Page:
US Consumer Goods ETF: Defensive Plays with Rich Valuation


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The shifting tides of market sentiment this year raise the question of whether playing defense makes sense. As tech teeters on the ropes as the broad market is deep in the red with the risk of stagflation in the mix, exposure to resilient, mostly recession-proof names that can weather persistent inflation and capital scarcity should certainly be considered. We are thinking here of the consumer staples sector, considered a safe haven for equities.

Using the ETF filter, I found a few large and liquid industry-focused exchange-traded funds, including the iShares US Consumer Staples ETF (NYSEARCA:IYK). With an AUM of $1.25 billion and an expense ratio of 41 basis points, it ranks third after the Consumer Staples Select Sector SPDR ETF (XLP), which is more than 13 times larger, and the Vanguard Consumer Staples ETF (VDC), which has 5x AUM from IYK.

Data by YCharts

But unfortunately, while betting on defensive consumer names may seem lucrative at the moment, I must caution that exposure to the sector through this investment vehicle has some downsides.

  • First, its past returns have been heavily impacted by the growth stocks the fund no longer holds. Therefore, its impressive past performance is of little relevance.
  • Second, it is rather concentrated, with a pronounced tilt towards grossly overvalued equities; the weighting scheme is one of the culprits. Of course, heavy defensive plays usually invite bounty multiples, especially since the profitability characteristics of IYK’s holdings are close to perfect, which will be discussed in more detail below in the note. But between value and quality and expensiveness and quality, I’d go with the former. The latter clearly seems sub-optimal for the hawkish cycle which could turn out to be more aggressive than the market currently expects.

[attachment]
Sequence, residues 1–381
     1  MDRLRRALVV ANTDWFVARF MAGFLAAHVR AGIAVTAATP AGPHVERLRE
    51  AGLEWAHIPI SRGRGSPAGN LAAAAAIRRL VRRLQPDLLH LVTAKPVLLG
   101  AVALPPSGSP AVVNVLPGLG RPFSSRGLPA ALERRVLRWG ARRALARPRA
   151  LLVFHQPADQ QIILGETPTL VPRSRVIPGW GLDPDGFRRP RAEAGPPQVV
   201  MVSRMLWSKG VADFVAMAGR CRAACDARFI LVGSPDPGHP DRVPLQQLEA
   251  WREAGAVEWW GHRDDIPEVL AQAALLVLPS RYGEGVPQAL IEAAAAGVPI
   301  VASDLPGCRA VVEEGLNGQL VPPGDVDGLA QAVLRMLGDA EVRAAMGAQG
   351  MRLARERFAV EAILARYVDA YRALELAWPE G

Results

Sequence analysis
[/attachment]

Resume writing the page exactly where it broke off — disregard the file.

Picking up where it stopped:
• And third, IYK has an expense ratio more than 4 times greater than VDC and XLP, making it a much less attractive long-term holding.

Investment strategy: A turnaround in 2021

IYK’s returns clearly illustrate how an index change can fundamentally alter the risk and reward profile of a passively managed investment vehicle. In September last year, IYK switched to a new underlying index, the Russell 1000 Consumer Staples RIC 22.5/45 Capped Index of the Dow Jones US Consumer Goods Index which it had previously used; subsequently known as Consumer Goods ETF before, IYK became a Consumer Staples ETF.

While the change may seem minor at first glance, it meant among other things selling Tesla (TSLA), an EV indicator that has been a big contributor to IYK returns in the past, especially during the 2020 tech rally that was supported by the tailwinds generated by the pandemic. For better context, the January 15, 2021 holdings dataset that I downloaded from the web page recorded by the Wayback Machine shows that Tesla was over 20% of the portfolio. A total of 57 stocks were squeezed out including General Motors (GM), Ford (F), Nike (NKE) and Peloton (PTON) while CVS Health (CVS), Corteva (CTVA) and McKesson (MCK) were added , to name a few.

As a result, Procter & Gamble (PG), an S&P 500 dividend aristocrat that barely needs a long introduction, jumped from second to first place; at the moment, its weight is slightly north of 16%. Coca-Cola (KO), another dividend aristocrat, is now the second largest investment, with a weight of around 11.3% compared to 6% in January 2021.

That being said, IYK currently has no exposure to the GICS sectors of consumer discretionary, communications, financials and industrials, which together made up 48% of the portfolio in the past. Today, it’s over 90% consumer staples, about 7.5% healthcare, and about 2% materials, with CTVA being the only name for that sector.